Non-renewal is a different matter. Either you or your insurance company can decide not to renew the policy when it expires. Depending on the state you live in, your insurance company must give you a certain number of days notice and explain the reason for non-renewal before it drops your policy. If you think the reason is unfair or want a further explanation, call the insurance company's consumer affairs division. If you don't get an explanation, call your state insurance department.
7. Motorcycle Insurance
There are some coverages to understand when it becomes to insure a Motorcycle:
7.1 Custom Parts and Equipment (CPE)/ Accessory Coverage
In most states, at least $1,000 of free Custom Parts and Equipment (CPE)/Accessory coverage is included with Comprehensive or Collision coverage on motorcycles less than 25 years old that are listed with resale values in the NADA Appraisal Guide.
Up to $30,000 of Additional Custom Parts and Equipment (ACPE)/Accessory coverage can be purchased for motorcycles less than 25 years old that are listed with resale values in the NADA Appraisal Guide. Models from most major manufacturers (Honda, Harley-Davidson, Yamaha, Kawasaki, BMW, Suzuki, Aprilia, Polaris, Arctic Cat, etc.) fall into this category. Bikes in this category are eligible for Actual Cash Value Physical Damage coverage and Purchase Price/Replacement coverage on CPE, up to the limit purchased.
Motorcycles less than 25 years old whose manufacturers are listed in NADA but whose resale values are not listed are eligible for up to $50,000 in Agreed Value Physical Damage coverage and CPE coverage. Itemized receipts and an underwriting inspection are required for this coverage.
Motorcycles assembled from a kit or individual parts and motorcycles whose manufacturers are not listed in NADA are eligible for Liability coverage only.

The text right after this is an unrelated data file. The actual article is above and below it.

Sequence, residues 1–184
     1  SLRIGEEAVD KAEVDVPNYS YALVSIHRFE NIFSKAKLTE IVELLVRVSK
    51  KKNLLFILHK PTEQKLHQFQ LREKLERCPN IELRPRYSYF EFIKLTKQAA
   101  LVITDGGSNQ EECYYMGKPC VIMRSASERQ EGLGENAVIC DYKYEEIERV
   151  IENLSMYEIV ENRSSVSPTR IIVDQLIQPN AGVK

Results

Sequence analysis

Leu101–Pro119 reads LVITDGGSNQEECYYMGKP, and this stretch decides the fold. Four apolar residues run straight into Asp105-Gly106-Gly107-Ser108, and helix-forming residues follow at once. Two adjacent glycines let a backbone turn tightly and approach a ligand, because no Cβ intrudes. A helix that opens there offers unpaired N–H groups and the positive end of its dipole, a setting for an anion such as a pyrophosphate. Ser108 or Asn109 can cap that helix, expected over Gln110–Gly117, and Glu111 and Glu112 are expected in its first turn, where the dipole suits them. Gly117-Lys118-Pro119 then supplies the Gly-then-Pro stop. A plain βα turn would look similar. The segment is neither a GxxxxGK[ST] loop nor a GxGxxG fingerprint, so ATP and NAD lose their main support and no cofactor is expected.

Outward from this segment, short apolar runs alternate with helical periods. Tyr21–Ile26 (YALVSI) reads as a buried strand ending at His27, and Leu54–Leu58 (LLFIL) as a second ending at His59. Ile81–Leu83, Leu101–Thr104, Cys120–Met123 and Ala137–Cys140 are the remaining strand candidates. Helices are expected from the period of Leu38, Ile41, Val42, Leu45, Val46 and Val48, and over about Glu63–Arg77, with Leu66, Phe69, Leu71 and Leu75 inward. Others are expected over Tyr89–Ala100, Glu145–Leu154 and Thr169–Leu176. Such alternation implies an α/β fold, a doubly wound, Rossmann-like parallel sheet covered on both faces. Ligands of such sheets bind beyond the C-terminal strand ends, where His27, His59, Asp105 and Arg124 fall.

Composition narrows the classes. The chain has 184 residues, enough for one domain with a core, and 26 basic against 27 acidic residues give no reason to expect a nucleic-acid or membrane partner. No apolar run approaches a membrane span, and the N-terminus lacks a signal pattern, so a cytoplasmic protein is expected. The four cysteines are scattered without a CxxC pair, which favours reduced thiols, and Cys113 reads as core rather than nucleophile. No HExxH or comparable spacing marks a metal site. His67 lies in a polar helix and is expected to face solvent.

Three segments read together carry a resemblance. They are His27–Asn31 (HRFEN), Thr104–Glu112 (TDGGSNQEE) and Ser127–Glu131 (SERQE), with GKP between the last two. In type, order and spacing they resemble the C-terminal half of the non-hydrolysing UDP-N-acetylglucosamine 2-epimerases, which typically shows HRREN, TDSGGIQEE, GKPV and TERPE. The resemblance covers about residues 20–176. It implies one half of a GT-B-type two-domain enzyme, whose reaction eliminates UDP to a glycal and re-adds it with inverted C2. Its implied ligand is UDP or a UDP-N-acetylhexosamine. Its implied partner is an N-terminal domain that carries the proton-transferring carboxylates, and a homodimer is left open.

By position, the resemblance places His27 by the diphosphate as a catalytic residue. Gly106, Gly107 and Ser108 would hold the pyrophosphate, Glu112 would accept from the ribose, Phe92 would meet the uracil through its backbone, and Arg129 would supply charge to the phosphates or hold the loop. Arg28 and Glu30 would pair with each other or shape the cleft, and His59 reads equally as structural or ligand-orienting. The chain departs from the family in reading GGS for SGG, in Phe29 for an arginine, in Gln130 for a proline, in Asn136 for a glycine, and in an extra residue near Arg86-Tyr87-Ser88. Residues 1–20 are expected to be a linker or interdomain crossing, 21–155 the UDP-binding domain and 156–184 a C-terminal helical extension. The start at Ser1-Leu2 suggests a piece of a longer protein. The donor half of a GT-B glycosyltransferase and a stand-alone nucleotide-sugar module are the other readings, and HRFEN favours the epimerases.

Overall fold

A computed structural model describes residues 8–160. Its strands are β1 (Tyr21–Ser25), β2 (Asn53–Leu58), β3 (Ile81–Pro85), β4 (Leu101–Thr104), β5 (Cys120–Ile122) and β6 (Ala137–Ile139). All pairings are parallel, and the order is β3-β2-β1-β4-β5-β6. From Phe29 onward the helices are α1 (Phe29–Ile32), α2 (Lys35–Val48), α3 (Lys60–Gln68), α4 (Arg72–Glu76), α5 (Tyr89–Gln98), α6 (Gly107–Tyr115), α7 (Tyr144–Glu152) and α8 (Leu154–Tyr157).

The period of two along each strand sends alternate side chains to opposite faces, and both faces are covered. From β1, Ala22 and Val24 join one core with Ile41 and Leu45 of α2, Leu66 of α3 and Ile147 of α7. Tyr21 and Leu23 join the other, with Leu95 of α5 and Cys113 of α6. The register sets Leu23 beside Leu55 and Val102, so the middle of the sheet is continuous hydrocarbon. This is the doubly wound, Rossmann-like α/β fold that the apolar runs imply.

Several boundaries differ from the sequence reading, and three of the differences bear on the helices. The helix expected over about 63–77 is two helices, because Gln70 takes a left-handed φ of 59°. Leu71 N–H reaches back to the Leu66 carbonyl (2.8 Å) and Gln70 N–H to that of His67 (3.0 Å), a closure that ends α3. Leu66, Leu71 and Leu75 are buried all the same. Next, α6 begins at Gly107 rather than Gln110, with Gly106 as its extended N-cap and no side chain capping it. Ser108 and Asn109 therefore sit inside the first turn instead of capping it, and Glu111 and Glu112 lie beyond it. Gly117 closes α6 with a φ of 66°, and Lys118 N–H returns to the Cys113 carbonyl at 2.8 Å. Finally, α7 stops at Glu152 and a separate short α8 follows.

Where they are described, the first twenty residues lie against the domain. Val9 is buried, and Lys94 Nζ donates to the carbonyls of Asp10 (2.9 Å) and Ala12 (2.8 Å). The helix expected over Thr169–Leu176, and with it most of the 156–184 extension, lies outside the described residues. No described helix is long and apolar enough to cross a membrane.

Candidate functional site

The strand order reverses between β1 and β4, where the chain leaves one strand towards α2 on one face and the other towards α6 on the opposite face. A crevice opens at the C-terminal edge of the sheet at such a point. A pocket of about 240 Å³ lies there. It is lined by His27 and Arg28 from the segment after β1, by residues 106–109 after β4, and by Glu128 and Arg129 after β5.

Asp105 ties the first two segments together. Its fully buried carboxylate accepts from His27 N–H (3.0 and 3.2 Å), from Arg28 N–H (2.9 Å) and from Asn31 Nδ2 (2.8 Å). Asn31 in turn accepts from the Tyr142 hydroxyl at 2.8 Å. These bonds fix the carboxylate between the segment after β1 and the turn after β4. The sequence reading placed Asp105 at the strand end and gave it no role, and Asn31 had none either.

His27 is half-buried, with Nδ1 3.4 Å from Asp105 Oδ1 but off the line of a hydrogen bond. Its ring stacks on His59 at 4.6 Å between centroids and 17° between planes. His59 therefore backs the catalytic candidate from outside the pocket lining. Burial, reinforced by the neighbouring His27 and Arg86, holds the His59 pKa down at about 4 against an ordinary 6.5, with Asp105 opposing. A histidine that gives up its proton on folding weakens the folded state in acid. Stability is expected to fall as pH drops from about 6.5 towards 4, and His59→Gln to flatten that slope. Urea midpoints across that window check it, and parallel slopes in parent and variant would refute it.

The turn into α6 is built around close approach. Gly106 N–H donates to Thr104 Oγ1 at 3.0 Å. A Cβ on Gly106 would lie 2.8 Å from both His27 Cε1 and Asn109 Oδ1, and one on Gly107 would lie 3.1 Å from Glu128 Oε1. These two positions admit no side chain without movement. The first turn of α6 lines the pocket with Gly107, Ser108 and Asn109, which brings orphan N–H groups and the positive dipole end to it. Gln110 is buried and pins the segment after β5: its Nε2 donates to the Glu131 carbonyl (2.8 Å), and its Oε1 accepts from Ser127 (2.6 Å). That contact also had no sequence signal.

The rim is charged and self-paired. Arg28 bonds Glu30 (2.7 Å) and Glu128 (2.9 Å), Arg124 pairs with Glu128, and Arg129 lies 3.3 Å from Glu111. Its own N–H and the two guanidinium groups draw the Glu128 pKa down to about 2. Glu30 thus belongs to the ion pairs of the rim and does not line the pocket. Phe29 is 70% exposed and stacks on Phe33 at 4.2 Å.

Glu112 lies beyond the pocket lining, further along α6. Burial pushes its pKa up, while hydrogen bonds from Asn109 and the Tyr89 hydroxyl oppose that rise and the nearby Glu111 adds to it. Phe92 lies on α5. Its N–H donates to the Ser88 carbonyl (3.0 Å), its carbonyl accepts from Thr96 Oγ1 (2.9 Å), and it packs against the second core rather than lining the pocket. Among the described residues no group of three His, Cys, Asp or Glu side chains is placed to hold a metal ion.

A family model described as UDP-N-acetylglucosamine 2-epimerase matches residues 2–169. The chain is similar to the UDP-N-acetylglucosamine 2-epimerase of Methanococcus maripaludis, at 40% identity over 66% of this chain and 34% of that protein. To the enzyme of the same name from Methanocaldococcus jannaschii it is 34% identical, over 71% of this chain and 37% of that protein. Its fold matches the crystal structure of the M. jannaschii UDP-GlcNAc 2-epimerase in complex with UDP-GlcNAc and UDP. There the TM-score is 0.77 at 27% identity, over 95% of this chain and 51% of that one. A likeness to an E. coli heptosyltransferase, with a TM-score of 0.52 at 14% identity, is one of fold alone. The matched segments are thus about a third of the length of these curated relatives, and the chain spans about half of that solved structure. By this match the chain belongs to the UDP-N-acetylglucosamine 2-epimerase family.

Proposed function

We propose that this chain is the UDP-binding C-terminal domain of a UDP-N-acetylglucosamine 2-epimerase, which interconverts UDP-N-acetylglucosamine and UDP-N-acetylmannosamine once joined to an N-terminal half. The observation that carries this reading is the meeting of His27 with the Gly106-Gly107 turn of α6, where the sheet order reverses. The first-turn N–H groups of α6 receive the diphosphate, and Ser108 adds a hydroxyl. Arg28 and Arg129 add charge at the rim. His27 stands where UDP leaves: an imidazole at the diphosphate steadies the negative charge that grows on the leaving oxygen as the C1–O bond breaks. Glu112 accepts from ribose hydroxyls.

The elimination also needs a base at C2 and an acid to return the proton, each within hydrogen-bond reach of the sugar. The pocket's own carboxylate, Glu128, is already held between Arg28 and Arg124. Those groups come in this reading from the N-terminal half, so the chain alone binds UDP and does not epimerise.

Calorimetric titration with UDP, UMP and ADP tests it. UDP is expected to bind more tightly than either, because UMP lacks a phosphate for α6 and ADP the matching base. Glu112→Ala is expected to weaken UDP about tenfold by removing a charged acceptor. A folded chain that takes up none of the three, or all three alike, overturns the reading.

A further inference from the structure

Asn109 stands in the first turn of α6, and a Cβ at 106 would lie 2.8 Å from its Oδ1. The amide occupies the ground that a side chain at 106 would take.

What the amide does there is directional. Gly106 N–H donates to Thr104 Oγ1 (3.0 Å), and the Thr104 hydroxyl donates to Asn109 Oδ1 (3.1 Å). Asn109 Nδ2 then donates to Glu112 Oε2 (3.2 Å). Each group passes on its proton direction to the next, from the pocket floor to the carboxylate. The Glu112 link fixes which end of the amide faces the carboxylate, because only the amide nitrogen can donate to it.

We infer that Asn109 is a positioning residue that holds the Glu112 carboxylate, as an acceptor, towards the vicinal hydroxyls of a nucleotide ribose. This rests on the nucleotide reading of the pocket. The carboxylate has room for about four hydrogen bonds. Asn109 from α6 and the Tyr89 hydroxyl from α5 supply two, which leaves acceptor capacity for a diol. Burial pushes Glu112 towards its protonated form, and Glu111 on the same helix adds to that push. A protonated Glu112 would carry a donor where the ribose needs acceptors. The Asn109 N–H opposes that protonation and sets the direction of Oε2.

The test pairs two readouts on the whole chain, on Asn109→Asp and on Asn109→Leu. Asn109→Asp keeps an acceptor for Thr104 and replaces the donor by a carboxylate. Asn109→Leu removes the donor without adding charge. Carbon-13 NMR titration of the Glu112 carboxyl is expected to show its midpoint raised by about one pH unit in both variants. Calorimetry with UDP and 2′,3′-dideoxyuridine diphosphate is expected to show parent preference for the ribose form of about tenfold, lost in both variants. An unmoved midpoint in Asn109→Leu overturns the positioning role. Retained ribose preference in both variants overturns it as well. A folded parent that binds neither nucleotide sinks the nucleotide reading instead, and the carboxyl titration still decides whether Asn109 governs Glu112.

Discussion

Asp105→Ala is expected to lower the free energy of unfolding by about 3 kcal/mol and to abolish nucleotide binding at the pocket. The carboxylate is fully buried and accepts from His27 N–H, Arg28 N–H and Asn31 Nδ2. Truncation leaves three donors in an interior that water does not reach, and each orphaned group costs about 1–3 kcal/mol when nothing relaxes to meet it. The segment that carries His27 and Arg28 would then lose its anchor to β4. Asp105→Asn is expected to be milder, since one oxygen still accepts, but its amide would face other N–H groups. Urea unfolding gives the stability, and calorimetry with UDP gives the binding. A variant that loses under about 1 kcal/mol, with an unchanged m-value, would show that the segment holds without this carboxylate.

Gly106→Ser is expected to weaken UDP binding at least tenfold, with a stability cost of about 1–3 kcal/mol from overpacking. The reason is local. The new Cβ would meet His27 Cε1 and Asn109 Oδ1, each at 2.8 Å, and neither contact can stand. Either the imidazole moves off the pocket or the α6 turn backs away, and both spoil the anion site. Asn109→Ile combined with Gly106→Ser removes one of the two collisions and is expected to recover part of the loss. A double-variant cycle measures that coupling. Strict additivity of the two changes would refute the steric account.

Comprehensive and Collision Coverage
Comprehensive and Collision coverages are available on most motorcycles and all ATVs.
Motorcycles less than 25 years old whose manufacturers are listed in NADA but whose resale values are not listed are eligible for up to $50,000 in Agreed Value coverage and CPE coverage. Itemized receipts and an underwriting inspection are required for this coverage.
Motorcycles that are not eligible for Comprehensive and Collision coverage include the following:
- Kit/homemade, non-factory built or composite
- State-assigned VIN
- Rebuilt or retitled
- Original frame has been replaced
- Manufacturer not listed in NADA Appraisal Guide
7.2 Loss Settlement Options
With a Motorcycle policy, motorcycle/ATV total losses are settled using two methods: actual cash value (ACV) and agreed value:
7.2.1 Actual Cash Value (ACV)
The actual cash value (ACV) option for motorcycles means the lower of the following will be used to settle a total loss:
- The amount necessary to repair or replace a stolen or damaged motorcycle to its pre-loss condition, reduced by the applicable deductible.
The ACV of the motorcycle at the time of loss, reduced by the applicable deductible, and by its salvage value if the insured opts to retain ownership of the motorcycle.
For example, if the ACV of your motorcycle is $12,000 when it is totaled in an accident, your Collision deductible is $500, and the salvage value of your bike is $6,000, your payout amount from the insurance company would be $5,500.
This settlement method applies to:
- Motorcycles and ATVs with a resale value listed in the NADA Appraisal Guide.
7.2.2 Agreed Value
The agreed value option for motorcycles means the lower of the following will be used to settle a total loss:
- The amount necessary to repair or replace the stolen or damaged property to its pre-loss condition, reduced by the applicable deductible.
- The agreed value shown on the Declarations page, reduced by its salvage value if you retain ownership of the motorcycle. No deductible applies in the event of a total loss.
The agreed value, which you provide and the insurance company confirms, is the market value of the motorcycle at the time of application, including the market value of all custom parts and equipment. The agreed value should be updated on your policy whenever changes are made to your motorcycle.
The following items must be insured with the agreed value settlement option:
- Motorcycles whose manufacturers are listed but have no resale values listed in the NADA Appraisal Guide.
- Motorcycles 25 years old and older.
7.3 Fee-for-Service: These plans generally assume that the medical professional will be paid a fee for each service provided to the patient. Patients are seen by a doctor of their choice and the claim is filed by either the medical provider or the patient.
7.4 Managed Care: More than half of all Americans have some kind of managed-care plan. Various plans work differently and can include: health maintenance organizations (HM0s), preferred provider organizations (PPOs) and point-of-service (POS) plans. These plans provide comprehensive health services to their members and offer financial incentives to patients who use the providers in the plan.